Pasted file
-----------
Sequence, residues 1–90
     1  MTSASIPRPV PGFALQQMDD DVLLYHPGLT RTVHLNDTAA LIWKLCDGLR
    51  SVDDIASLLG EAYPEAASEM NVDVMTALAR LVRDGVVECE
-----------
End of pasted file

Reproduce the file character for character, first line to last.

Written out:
Sequence, residues 1–90
     1  MTSASIPRPV PGFALQQMDD DVLLYHPGLT RTVHLNDTAA LIWKLCDGLR
    51  SVDDIASLLG EAYPEAASEM NVDVMTALAR LVRDGVVECE